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From Reykjavik to Stykkisholmur

These trips tend to cover a lot of ground quickly. The first day we arrived in the airport, then toured the city, met up for dinner, and had a meeting in which everyone introduced themselves and we talked about the trip.

On the second day we did all this:

We put our suitcases out before breakfast at the hotel so they could be loaded onto the bus for us. We then rode from Reykjavik to Stykkisholmur with a wide range of stops, and plenty to see out the windows.

The countryside, particularly near Reykjavik, was covered in blooming Alaskan lupine. The lupine had been brought in just in the last few years as a form of erosion control. It took a little too well, and is now acting like a typical invasive species. Although it does crowd out native species, it mostly covers the black rock that had before held a more austere beauty.

We then went over or under, or around a series of fjords. At one point (Borga Fyord?) we were underground at highway speeds for around five minutes while talking about the tons of water overhead and the question of whether or not trolls might have contributed to the problems involved in building the tunnel. Though the road was comfortably clear and dry and well enough lit, I was still very glad to see the light at the end.

Our guide pointed out that Icelandic sheep are as independence minded at their owners. They spread out in tiny groups – generally a mother and her two or three lambs.

Horses, of which there are many, tend to spread in loose herds. To me this simply comes from the lack of natural predators in Iceland. The Vikings brought the sheep and horses with them. They didn’t bring cougars or wolves.

For quite a few miles we traveled next to raised pipes. These are hot water pipes running from geothermal areas to nearby towns. They are used for heating, and power. The pipes will often have bike paths laid on top. The heat from the pipes melts off snow and ice so people can bicycle year round.

We stopped off at Hraunfossar first, then a few minutes further down the road ducked in for a walk through Snorri Sturluson’s pool. Soon after that it was back off the bus for Deildartunguhver thermal area.

Deildartunguhver thermal area holds the record as the highest flow of any hot spring in Europe at 50 gallons of boiling water per second. It’s been utilized for central heating since 1925. The pipes used to pump the water to Akranes – a mere 36 miles away – were built in 1979-1981. It takes 24 hours to get there. In that time the temperature starts at 212 deg F. and arrives at 170 deg F.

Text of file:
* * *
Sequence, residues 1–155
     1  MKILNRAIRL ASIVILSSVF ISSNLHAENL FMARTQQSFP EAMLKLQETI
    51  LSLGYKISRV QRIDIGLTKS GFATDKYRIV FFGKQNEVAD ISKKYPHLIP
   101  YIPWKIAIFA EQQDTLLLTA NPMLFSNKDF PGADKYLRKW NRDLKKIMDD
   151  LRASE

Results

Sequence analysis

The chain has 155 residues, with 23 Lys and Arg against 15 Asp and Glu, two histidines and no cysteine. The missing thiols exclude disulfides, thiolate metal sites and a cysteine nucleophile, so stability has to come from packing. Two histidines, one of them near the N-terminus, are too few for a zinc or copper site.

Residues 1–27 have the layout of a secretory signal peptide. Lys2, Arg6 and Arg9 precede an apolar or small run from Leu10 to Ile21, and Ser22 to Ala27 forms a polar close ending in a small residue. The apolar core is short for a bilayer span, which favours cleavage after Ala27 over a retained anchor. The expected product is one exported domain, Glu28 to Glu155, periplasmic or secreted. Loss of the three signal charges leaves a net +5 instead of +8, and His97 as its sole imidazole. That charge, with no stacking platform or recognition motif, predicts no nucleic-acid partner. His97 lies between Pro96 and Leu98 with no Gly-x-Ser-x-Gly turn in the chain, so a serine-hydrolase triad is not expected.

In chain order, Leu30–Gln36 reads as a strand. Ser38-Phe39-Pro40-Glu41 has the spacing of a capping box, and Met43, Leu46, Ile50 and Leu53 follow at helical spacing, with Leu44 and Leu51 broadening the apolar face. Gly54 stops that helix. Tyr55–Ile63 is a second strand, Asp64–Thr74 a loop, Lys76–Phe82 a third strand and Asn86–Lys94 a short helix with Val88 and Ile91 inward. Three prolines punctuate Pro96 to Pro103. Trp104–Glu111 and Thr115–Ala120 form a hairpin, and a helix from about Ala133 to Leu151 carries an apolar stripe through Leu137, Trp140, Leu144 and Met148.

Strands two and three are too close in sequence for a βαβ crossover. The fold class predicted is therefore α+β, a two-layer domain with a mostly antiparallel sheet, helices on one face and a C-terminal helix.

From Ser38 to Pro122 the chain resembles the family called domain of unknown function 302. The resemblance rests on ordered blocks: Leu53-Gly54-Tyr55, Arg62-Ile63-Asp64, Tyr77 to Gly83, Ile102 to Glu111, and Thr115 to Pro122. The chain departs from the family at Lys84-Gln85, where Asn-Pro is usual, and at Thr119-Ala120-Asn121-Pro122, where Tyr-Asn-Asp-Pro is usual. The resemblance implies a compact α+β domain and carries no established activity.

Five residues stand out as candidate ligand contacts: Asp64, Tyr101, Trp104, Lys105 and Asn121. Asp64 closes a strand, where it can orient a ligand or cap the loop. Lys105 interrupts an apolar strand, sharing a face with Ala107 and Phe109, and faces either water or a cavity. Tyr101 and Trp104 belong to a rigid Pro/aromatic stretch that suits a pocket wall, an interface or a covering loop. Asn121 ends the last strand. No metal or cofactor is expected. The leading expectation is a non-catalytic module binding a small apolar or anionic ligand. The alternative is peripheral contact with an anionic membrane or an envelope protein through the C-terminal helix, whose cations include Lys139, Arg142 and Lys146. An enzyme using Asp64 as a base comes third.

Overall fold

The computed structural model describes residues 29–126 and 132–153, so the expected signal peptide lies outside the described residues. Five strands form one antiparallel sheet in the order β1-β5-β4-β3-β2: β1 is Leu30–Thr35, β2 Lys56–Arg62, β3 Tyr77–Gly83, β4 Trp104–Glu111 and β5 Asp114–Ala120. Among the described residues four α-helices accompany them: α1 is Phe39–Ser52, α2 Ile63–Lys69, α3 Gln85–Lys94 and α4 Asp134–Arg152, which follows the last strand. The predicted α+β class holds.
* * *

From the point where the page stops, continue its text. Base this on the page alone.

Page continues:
It was raining when we reached Deildartunguhver. We got off the bus, wandered for maybe ten minutes, then all got right back on the bus.

It was pretty close to lunch time when we reached the Settlement Center in Borgarnes. Our guide herded us through a small tourist shop into an oddly connected restaurant. It was like the shop had thick walls, but an odd take on roofing and the restaurant walls were covered in exterior siding with racks of items for sale butting up against them. To reach it, we went up a wooden staircase that reminded me of one I took down from my old house. From inside, I looked through a window at a waterfall that seemed to be part of the store.

The Settlement Center was just a self guided tour using headphones and a little mp3 player type device. A word of warning, should you somehow end up taking the tour. Don’t try to fast forward. I ended up scrolling through various languages and was unable to get the tour going again, so missed most of it.

The displays included a model of the Viking ships that colonized the country; a life size prow set in the floor in front of a projected image of ocean that rocked with the waves; a conference table sized model of Greenland with buttons you could press to see where which settler ended up; and a life size plastic replica of people encased in ice.

Essentially the story runs like this:

In the year 860 a couple of different Vikings on separate trips drifted off course and found the place. One called it Snowland. The other tried to name it after himself. It wasn’t until ten years later than someone deliberately went there. He saw the glaciers, and named it Iceland. About 4 years later, the first settlement got set up. This was done by Ingólfur Arnarson, by the way.

About that time, 400 Viking lords decided they didn’t like how things were going in Norway, so they grabbed their families and slaves, stopped off in England long enough to grab some more wives and slaves, and ran off the Iceland.

As soon as they arrived, they spread out. Each lord set up his or her household somewhere within a few miles of the shore and as far from others as they could get. Kind of like the sheep. They stayed scattered for a long time.

After taking the tour, we had a little time to wander around the area. There was an interesting, bell-shaped pile of rocks that I took for a monument, an arching bridge, and the usual gorgeous combination of volcanoes, greenery, and water.

We stopped off at a little rest area with these odd tables and chairs so we could admire the way you can actually see old lava flows roll over one another. Check out the different shades below. You can trace the flow back to an exploded crater than is lower than the spills from the neighboring cone that the flow ran over the top of.

From here it was off to Helgafell, and then on to the hotel with a quick drive through Stykkisholmur.

So yeah. So far I’ve only covered one day of the trip.


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